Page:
What Is a Blocked Period?

What Is a Blocked Period?

A blocked period refers to the length of time in which an investor’s securities are prevented from being accessed. A blocked period may be put in place if an investor has used a security as collateral, as it prevents the investor from using the same security as collateral or from selling the security. It may also refer to a period in which an investor cannot access account funds.

Key Takeaways

  • Blocked periods denote periods where an investor cannot access their assets. Brokerages and financial institutions may place a hold on the securities in an investor’s account for several reasons.
  • Brokerages may be required to block an account for a period if the account holder buys or shares securities without having sufficient capital to complete the trade, referred to as freeriding. The specific regulation governing this is called Regulation T and specifically relates to cash accounts.
  • For novice traders, familiarizing oneself with these rules beforehand will make life a lot easier because a blocked period can come as a surprise to those unaware of the rules and laws. A lot of these rules are in place to protect both the investor and the broker-dealer.

How a Blocked Period Works

Blocked periods denote periods where an investor cannot access their assets. Brokerages and financial institutions may place a hold on the securities in an investor’s account for several reasons. Reasons include the investor being labeled a day trader using a margin account, or the investor using a security as collateral in a trade.

Investors who trade frequently may be considered to be day traders by the Securities and Exchange Commission (SEC). This label may bring with it requirements for how much money must be available in the investor’s account at a particular point in time. A pattern day trader label is given if an investor buys or sells stocks using a margin account more than a defined number of times during a week.

Brokerages may be required to block an account for a period if the account holder buys or shares securities without having sufficient capital to complete the trade, referred to as freeriding. The specific regulation governing this is called Regulation T and specifically relates to cash accounts.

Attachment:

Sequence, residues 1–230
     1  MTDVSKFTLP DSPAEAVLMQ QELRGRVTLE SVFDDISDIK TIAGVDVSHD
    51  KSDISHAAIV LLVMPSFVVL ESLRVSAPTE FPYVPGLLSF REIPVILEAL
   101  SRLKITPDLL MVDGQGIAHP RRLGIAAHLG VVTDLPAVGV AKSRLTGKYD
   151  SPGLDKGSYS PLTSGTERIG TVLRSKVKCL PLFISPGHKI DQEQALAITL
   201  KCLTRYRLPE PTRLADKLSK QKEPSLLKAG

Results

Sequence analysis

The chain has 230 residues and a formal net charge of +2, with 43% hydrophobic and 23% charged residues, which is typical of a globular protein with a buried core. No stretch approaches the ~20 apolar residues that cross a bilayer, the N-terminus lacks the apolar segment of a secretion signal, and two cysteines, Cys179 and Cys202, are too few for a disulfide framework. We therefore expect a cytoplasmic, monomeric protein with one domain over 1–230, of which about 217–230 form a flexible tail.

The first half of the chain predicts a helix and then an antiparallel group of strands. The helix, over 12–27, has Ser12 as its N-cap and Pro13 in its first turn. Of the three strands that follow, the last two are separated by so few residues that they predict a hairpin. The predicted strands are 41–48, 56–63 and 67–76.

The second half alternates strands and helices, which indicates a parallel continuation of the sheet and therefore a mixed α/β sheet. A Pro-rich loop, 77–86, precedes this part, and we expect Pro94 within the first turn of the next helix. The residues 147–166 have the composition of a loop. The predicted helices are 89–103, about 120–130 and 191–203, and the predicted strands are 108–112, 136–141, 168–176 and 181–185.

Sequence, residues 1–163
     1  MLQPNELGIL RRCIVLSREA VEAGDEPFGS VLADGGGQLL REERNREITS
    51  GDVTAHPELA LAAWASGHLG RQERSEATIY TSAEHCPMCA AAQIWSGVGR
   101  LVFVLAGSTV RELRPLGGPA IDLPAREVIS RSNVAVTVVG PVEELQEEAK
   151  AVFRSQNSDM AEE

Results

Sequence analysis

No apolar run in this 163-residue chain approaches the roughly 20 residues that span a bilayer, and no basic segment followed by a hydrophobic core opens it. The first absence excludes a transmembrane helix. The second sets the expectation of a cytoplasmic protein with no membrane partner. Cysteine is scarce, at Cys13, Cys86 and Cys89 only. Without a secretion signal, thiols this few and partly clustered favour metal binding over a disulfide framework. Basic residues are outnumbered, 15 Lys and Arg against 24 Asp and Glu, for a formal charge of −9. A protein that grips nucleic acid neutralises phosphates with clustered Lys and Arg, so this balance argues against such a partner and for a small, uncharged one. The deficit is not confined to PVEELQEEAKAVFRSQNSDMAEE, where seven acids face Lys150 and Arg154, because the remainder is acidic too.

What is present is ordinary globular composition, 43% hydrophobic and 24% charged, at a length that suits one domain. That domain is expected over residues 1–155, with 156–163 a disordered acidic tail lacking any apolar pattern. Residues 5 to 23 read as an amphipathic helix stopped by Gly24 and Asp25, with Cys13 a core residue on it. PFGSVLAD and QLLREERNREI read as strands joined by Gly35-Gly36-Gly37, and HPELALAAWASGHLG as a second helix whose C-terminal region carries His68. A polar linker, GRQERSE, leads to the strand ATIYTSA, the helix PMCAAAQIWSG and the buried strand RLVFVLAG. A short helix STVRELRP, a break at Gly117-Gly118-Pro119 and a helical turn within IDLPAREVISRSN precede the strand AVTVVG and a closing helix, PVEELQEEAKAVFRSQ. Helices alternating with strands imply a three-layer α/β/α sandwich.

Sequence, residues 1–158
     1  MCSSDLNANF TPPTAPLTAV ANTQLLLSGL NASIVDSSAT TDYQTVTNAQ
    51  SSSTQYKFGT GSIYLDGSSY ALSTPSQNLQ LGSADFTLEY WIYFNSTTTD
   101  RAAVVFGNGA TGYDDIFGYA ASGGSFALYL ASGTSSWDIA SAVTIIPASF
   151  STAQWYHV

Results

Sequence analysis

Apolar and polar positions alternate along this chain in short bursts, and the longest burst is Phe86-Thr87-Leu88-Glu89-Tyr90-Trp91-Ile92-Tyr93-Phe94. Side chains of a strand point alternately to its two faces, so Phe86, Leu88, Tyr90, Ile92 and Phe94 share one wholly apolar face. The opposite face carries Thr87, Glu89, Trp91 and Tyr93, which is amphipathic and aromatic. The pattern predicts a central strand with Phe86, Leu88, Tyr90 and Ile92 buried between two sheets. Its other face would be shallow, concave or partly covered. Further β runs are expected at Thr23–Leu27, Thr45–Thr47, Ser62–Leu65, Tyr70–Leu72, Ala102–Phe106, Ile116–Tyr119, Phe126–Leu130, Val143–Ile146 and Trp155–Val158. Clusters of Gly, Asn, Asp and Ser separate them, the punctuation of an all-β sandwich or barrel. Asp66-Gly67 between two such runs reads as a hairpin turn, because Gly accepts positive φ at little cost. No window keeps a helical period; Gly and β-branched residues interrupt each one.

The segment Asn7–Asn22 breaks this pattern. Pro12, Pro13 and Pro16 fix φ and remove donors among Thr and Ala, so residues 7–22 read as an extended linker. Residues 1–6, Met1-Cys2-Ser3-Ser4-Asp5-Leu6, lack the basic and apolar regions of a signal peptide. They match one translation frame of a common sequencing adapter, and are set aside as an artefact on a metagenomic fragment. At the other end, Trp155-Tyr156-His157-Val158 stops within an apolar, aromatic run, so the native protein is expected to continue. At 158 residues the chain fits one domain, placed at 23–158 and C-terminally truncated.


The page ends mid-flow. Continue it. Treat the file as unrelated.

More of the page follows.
For novice traders, familiarizing oneself with these rules beforehand will make life a lot easier because a blocked period can come as a surprise to those unaware of the rules/laws. A lot of these rules are in place to protect both the investor and the broker-dealer.

An Example of a Blocked Period

If an investor with a cash account tries to purchase shares with funds that have not yet been settled from a previous trade, the brokerage firm's compliance and trade monitoring department may issue a blocked period. The blocked period lasts ninety days.

During this time, the investor may make purchases, but only with completely settled funds. Investors can avoid this type of blocked period by trading on margin, though margin accounts are subject to other rules regarding minimum balances.

If this investor has $5,000 in their cash account and decides to buy 100 shares of ABC for $50 per share, they transact the trade. If a day later they decide to sell the shares for $52 per share, they will be blocked because the funds have not had the chance to settle from the purchase when the investor sold it.

Generally speaking, U.S. equities clear T + 2. So, if the purchase of ABC happened on a Monday, the investor would not be able to sell that security until the settlement date of Wednesday at the earliest.

Article Sources
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  1. U.S. Securities and Exchange Commission. "Updated Investor Bulletin: Trading in Cash Accounts." Accessed Aug. 20, 2021.

  2. U.S. Securities and Exchange Commission. "Updated Investor Bulletin: Trading in Cash Accounts." Accessed Aug. 20, 2021.

  3. U.S. Securities and Exchange Commission. "Updated Investor Bulletin: Trading in Cash Accounts." Accessed Aug. 20, 2021.

  4. U.S. Securities and Exchange Commission. "Investor Bulletin: Understanding Margin Accounts." Accessed Aug. 20, 2021.

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